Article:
Maintain the key relationships with partners and customers.

Create a culture of continuous learning.

Get a business coach if necessary.

Make sure you have full agreement with your partners on commitment of time and finance, and voting rights as well as exit strategy.

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6. Unlock creativity

Image: Encourage young talent to come up with fresh ideas.
Photographs: Illustration by Dominic Xavier/

Create a common purpose in your organisation, a sense of community and pride of ownership.

Hire great people, help them think wild ideas and give them the resources to execute.

Encouraging experimentation and small bets, and don't penalise failure.

Combine business with pleasure, and brainstorm in unusual settings.

Open people’s minds and break down organisational silos. 

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7. Be smart when you raise capital

Image: Be careful about your investments.
Photographs: Illustration by Uttam Ghosh/

Be lean, thrift and scrappy as far as possible.

Be clear exactly when you need funds, how much, how fast, from whom, and in exchange for what.

Be prepared for the hard work, stress, disappointment and even disillusionment when dealing with investors.

Be careful about how much equity and preferences you give away to investors.

Investors have heard a lot of hype before, so stay away from making tall claims and trying to be everything.

Build a great team and a great pitch.

Choose investors who can give you more than money, but networks, talent and brand. 

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8. Launch, listen, learn

Image: Collect feedback, learn from your mistakes and adapt accordingly.
Photographs: Courtesy

Don't start by doing too much -- begin with a minimum viable product.

Don't be like a hammer only looking for nails.

Collect great feedback and learn from it.

Be prepared to receive negative feedback, even if you think the customers 'just don't get it.'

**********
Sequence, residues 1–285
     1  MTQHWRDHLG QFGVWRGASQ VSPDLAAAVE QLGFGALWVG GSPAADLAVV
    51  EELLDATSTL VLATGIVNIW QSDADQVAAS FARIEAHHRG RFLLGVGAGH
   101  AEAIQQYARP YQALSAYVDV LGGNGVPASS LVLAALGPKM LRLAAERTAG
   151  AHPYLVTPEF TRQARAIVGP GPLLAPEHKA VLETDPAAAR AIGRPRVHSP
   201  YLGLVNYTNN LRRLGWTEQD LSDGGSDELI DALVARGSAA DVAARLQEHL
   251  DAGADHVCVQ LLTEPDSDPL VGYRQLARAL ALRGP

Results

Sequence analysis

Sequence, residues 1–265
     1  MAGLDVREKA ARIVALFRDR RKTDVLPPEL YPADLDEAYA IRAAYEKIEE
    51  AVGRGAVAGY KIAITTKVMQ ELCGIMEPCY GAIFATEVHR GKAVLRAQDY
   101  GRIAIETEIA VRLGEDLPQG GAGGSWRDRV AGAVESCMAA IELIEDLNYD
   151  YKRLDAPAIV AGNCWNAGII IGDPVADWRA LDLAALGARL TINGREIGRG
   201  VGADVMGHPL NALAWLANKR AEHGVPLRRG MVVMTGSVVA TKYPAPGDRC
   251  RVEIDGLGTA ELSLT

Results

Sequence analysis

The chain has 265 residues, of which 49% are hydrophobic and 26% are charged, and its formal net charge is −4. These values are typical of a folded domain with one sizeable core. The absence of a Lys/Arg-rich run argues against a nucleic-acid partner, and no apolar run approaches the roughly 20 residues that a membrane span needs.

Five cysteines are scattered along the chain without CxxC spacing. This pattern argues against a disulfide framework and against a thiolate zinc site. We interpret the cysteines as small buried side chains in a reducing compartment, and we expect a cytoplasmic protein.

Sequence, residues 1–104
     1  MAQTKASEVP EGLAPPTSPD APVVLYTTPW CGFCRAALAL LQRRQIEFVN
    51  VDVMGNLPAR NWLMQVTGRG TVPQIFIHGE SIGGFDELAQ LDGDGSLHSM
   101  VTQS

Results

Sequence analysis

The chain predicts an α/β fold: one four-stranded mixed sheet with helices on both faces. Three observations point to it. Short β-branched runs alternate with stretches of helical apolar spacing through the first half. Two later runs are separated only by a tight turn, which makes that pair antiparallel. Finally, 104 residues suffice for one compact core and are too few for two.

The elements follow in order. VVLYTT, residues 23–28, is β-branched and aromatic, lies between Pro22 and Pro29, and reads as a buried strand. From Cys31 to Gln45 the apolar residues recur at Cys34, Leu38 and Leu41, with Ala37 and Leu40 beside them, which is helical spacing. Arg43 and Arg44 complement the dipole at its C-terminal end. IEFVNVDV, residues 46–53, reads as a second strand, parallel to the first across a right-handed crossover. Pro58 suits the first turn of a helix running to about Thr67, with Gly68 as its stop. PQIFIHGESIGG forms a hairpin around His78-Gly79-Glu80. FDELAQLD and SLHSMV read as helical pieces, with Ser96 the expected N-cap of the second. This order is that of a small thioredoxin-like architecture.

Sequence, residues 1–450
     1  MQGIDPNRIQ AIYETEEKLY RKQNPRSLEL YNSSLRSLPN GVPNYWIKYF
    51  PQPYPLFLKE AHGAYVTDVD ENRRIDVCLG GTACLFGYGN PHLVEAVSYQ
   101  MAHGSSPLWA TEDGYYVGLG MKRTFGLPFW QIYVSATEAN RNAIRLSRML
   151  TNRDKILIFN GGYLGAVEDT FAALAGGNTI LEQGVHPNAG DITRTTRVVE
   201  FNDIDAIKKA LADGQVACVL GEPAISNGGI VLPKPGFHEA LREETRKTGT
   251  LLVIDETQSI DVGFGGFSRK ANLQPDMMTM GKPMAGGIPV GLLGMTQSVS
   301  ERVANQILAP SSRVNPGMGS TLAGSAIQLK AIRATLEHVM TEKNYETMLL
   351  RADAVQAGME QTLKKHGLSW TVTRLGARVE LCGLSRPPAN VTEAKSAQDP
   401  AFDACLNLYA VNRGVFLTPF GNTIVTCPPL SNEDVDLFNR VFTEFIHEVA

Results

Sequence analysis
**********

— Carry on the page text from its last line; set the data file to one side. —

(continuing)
It's OK to focus small; there are riches in niches.

Develop avatars or persona of your customers; don't just profile them, engage them in conversation.

Leverage social media, but be authentic in your presence; an 'hour of power' online each day goes a long way.

Learn how to engage effectively with partners, master the art of barter.

Ask customers what matters to them, and how they know their needs are being met.

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9. Stay the course

Image: Look out for opportunities that spell growth and success.
Photographs: Illustration by Uttam Ghosh/

Whittle away till you have a good product and team.

Look for growth opportunities, but be aware that sometimes growth will also burn your cash and cannibalise you.

To become even more efficient, keep a detailed diary and identify areas where you can delegate even more.

Stay in the 'zone,' in the flow of things. 

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10. Be prepared for crises

Image: Realise that things will go wrong; make sure you have a system in place to fall back on.
Photographs: Illustration by Dominic Xavier/

Learn how to see things not just at normal road speeds but race-car speeds.

When things begin to go wrong, don't go into denial.

Identify the problems, get your full team involved.

Get over your ego and reach out to advisors, mentors and other seasoned entrepreneurs -- it is a badge of honour for them to help you and they will.

Cut fast and cut deep if you need to trim your team.

Make sure you have your family on board to understand the depth of the crisis, you may actually discover new sources of strength and support.

Join start-up clubs and entrepreneur meetups. And once you have succeeded, give back to other entrepreneurs, invest in new businesses, and give back to society, the author concludes.

After all, it is the dreamers who keep the economy moving, who create jobs and growth.